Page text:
SIC 3631

This category covers establishments primarily engaged in manufacturing household electric and nonelectric cooking equipment, such as stoves, ranges, and ovens, except portable electric appliances. This industry includes establishments primarily engaged in manufacturing microwave and convection ovens, including portable. Establishments primarily engaged in manufacturing other electric household cooking appliances, such as portable ovens, hot plates, grills, percolators, and toasters, are classified in SIC 3634: Electric Housewares and Fans. Establishments primarily engaged in manufacturing commercial cooking equipment are classified in SIC 3589: Service Industry Machinery, Not Elsewhere Classified.

NAICS Code(s)

335221 (Household Cooking Appliance Manufacturing)

Industry Snapshot

The U.S. Census Bureau reported that in the late 1990s a total of 84 establishments operated in this industry. They shipped $4.09 billion worth of merchandise and spent $2.2 billion on materials in 2000. About 55 percent of these operations employed at least 20 people, and about 35 percent had at least 100 employees. The largest concentrations of operations in this industry were in California and Tennessee.

Organization and Structure

Household cooking equipment was part of the appliance market that included washing machines, refrigerators, and other long-term appliances. Most appliances were purchased for new housing, replacement, or remodeling. Because people bought household cooking equipment to furnish their homes, housing slumps sometimes hurt the industry severely. By the 1990s this was a mature industry, with much consolidation occurring among the major appliance manufacturers. Replacement of old and worn-out appliances drove the market, since most major appliances lasted 10-15 years.

Five major corporations dominated the household appliance industry during the 1990s. Many of the main appliance manufacturers attempted to expand their markets globally, often by opening factories in Europe and Asia.

In the mid-1990s about 98 percent of all major appliances, except microwave ovens, were American-made. Smaller appliances such as coffee makers, food processors, and toasters, were often imported from Europe.

Background and Development

Before the advent of the Franklin stove (invented by Ben Franklin), food was typically cooked in a fireplace or potbellied stove. Franklin' invention was only a slight improvement over open-hearth cooking, since his stove was only an iron box with flues.

During the nineteenth century, cast iron ranges that burned coal or wood were developed, but food still had to be monitored constantly because these heat sources were unpredictable. While these stoves enabled a variety of foods to be cooked at once, they were dirty and a fire hazard.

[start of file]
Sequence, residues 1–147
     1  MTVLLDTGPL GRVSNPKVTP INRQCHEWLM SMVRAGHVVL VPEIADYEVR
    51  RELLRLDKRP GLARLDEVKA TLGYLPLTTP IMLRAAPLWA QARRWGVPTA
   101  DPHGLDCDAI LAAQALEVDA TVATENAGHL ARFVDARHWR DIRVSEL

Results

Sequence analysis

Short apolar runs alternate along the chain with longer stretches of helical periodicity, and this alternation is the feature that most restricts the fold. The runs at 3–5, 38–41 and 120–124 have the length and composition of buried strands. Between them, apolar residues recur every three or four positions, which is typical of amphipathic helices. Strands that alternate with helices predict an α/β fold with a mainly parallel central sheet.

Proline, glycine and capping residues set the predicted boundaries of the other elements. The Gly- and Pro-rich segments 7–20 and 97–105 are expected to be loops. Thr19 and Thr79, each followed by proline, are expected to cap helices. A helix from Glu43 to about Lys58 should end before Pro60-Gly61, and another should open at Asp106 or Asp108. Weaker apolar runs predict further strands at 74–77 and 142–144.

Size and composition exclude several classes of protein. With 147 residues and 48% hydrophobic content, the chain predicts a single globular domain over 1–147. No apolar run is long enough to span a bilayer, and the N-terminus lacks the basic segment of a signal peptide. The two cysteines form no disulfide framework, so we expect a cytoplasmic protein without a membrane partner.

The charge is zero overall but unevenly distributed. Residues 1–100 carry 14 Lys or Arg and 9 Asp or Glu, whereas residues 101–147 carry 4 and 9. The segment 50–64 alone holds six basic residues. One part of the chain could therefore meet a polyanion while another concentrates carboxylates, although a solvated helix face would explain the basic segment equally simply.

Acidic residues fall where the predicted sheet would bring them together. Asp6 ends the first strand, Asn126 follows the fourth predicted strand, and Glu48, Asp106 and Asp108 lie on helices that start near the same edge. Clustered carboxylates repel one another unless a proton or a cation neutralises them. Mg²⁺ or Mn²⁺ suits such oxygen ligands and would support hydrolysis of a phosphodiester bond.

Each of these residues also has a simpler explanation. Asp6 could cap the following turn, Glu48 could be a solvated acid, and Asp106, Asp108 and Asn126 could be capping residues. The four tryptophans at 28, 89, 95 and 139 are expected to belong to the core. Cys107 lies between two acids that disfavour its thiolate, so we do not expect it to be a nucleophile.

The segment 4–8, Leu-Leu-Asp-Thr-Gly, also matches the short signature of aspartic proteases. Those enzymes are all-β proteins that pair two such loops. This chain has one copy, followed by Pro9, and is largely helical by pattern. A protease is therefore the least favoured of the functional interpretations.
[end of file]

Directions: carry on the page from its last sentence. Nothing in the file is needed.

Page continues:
Gas burning stoves were also developed in the nineteenth century. They concentrated heat at the cooking source and ensured that food was cooked more evenly and all the way through. The transition to gas cooking, however, required a major plumbing overhaul as pipes had to be hooked up to a stove. Middle- and upper-class housewives used the first gas stoves. Thermostatically controlled gas ovens began appearing in 1915 and essentially freed cooks from the kitchen, since food could be left unattended for brief periods of time.

The 1893 Columbian Exhibition at Chicago featured a "Model Electric Kitchen." Attempts to use electricity in home cooking occurred as early as the late nineteenth century. In 1905 the "General Electric Range" was introduced. Equipped with its own switchboard, it sat on metal legs with the oven well above the cooking surface. Until 1912 most electric ranges were converted gas cookers made of cast-iron and some insulation. In this type of range all the heating elements were sealed in airtight containers to prevent them from burning out. Electric cookers relied on the "Bastian heater," or a wire spiral contained inside a quartz tube. An improvement on this theme, the Dowsing Electric Fire with sausage lamps, featured resistance wires of nickel and chromium that heated without oxidization. Early electric cooking over-loaded circuits and was not made efficient until power companies were able to supply more electricity to homes.

Eventually, tabletops, cabinets, and drawers were added to gas burning stoves, which transformed the devices into "kitchen furniture." Because of the gas stove, cooking utensils evolved from wood to heavy cast iron and tin, to lightweight aluminum, tempered glass, and ceramic. By the 1920s gas ranges were made of white porcelain enamel. Within a decade they were produced in decorative colors to match other kitchen appliances and cabinetry. Gas ranges helped revolutionize cooking, making it more sanitary and time saving.